best practices for card not present chargebacks - woman taking credit card payment over the phone

Best practices for card not present chargebacks

Sunday, December 14, 2014
When it comes to your business, there are many ways to accept payments. And while your business most likely accepts multiple forms of payment, not all payment methods carry the same amount of risk. One of the toughest payment types to monitor is card not present transactions. So in this article, we’ll take a look at card not present transactions to learn more about what they are and why they’re more prone to fraudulent transactions. Then, we’ll take a look at how to institute best practices for accepting card not present transactions at your small business.

Card not present transactions: what are they?

Like it sounds, a card-not-present transaction (also called a CNP transaction) occurs when a credit card or debit card is not physically present during a transaction. There are a variety of reasons why a transaction may be a CNP transaction. For example, maybe your business only provides takeout, and customers can place their order online or give you their card details — like their credit card number, expiration date, and security code — over the phone. These are both CNP transactions because the card is not present at the business when the transaction is happening. 

Here are a few other examples of CNP transactions: invoices that a customer pays to business owners like you online, a recurring payment for goods or services that bills automatically, mail orders, ecommerce transactions and card-on-file transactions.

In contrast, in person payments are known as card present transactions. For a card to be a card present transaction, the payment has to happen in person at the time of the sale. Card present transactions involve credit card processing at the point of sale (POS) system or payment terminal. Customers use their physical credit card to pay, swiping in the magnetic stripe card reader or by using an EMV chip card to tap to pay or another contactless payment method like Apple Pay or Google Pay.

Because a physical card is not present during a CNP transaction, it makes it easier for customers to buy things even if they don’t have their physical card. However, it also makes it easier for fraudsters to get their information and use it at your business. Payment processors, card brands, and issuing banks all know these types of transactions have a greater risk for fraud because cardholder information is more difficult to verify in these types of transactions. That means there’s a higher risk of chargebacks as well. Let’s take a look at three types of CNP chargebacks your business could encounter.

Three common types of card not present chargebacks

Now that you know more about card not present transactions, let’s talk about the most common types of card not present chargebacks you’ll experience at your business.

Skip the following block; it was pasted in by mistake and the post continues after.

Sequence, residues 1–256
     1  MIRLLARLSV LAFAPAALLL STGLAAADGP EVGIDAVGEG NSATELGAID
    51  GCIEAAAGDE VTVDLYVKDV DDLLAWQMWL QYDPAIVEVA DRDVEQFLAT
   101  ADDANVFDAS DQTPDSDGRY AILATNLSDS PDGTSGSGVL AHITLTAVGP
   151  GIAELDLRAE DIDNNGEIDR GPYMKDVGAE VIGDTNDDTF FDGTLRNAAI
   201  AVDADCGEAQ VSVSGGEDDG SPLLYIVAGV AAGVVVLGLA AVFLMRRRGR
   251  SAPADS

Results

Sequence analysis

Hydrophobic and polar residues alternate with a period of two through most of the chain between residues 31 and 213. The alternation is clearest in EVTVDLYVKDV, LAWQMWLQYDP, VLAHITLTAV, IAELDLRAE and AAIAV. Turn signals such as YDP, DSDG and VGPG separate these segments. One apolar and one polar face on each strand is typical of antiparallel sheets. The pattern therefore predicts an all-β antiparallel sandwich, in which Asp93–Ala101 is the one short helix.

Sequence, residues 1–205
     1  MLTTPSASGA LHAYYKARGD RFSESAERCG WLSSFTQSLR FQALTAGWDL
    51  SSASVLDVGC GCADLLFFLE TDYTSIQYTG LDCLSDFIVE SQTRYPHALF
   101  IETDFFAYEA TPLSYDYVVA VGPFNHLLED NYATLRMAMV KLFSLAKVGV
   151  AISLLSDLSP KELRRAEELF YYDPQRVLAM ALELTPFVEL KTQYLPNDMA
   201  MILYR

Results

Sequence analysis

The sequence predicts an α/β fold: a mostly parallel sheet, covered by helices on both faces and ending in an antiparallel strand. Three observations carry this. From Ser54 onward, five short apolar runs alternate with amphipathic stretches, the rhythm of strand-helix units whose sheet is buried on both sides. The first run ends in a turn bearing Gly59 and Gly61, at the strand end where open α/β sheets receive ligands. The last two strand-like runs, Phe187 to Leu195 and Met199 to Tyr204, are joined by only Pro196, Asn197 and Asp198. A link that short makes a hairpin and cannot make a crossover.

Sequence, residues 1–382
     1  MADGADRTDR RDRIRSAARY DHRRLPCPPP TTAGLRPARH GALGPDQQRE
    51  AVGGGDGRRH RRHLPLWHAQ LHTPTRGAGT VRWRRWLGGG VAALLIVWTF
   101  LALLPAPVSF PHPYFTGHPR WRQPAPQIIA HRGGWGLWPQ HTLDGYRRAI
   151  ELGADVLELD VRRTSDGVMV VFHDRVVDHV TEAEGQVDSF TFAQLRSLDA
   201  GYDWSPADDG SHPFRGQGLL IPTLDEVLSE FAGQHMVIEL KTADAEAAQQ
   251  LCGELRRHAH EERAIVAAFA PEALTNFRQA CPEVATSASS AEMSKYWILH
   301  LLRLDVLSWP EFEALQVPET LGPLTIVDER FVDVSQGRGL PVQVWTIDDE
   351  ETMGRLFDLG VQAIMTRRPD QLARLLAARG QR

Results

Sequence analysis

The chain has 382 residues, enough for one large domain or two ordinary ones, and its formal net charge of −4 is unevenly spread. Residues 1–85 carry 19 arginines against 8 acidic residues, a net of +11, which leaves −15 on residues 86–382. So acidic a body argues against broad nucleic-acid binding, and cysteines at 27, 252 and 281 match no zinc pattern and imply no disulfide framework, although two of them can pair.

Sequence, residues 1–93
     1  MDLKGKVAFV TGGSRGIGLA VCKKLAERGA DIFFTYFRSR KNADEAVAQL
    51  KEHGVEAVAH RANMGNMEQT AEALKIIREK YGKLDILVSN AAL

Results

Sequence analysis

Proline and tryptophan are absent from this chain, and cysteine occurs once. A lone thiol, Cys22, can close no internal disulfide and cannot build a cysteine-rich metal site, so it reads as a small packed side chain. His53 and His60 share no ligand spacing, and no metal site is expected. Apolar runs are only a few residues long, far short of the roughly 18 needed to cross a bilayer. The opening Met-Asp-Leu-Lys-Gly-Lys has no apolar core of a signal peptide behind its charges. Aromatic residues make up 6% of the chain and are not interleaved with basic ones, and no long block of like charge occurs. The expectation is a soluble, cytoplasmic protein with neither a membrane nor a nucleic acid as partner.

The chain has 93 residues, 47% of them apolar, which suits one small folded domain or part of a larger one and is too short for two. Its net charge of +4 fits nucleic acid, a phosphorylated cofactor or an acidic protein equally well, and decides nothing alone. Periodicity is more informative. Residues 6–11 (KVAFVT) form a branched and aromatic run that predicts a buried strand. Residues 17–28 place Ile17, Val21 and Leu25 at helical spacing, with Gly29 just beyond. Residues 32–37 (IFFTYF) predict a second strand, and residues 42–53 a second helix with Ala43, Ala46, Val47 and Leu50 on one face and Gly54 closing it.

Criminal fraud chargebacks

These types of chargebacks happen when a fraudster steals someone’s credit card information. They often don’t have to even have the credit card in question. While you may not be able to completely stop this type of chargeback, you can help to prevent it. 

With CNP fraud, fraudsters will try to maximize the purchases they make in a short period of time before someone catches on to the fraud. So new orders or larger than normal orders should require more of your attention to confirm they are legitimate orders. Fraudsters also may use multiple cards with different numbers shipped to the same address. You can also use fraud prevention tools to help you verify the cardholder and their information. These tools give you a way to double check your customers, providing another layer of authentication.

  • Address verification service (AVS): This gives you the opportunity to compare the billing address the customer gave you during the transaction to the billing address the customer listed at the issuing bank. If the address the customer provides doesn't match the address on file at the card issuer, you can decline the card and avert fraud.
  • Card security codes: These are the three or four digit (Amex only) numbers on the back of the customer’s credit card, usually around the signature panel. Each credit card network calls it something different: CVV2 for Visa cards, CVC2 for Mastercard, and CID for Discover and American Express. Requiring these CVC, CID, or CVV numbers ensures that the customer has the card in their possession when making an online purchase.

Merchant error chargebacks

The second type of chargeback is a merchant error chargeback. This type of chargeback happens when a cardholder states that they didn’t get what they paid for per their agreement with the merchant. This type of chargeback can also come up if a merchant erroneously charges someone for an incorrect, duplicate or unauthorized transaction. Often, these chargebacks are online payments or purchases.